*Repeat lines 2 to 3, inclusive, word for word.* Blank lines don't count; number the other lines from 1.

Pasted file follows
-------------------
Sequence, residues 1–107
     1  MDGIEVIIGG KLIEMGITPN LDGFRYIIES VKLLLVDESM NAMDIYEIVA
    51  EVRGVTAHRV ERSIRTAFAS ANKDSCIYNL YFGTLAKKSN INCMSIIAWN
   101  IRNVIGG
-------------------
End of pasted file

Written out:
     1  MDGIEVIIGG KLIEMGITPN LDGFRYIIES VKLLLVDESM NAMDIYEIVA
    51  EVRGVTAHRV ERSIRTAFAS ANKDSCIYNL YFGTLAKKSN INCMSIIAWN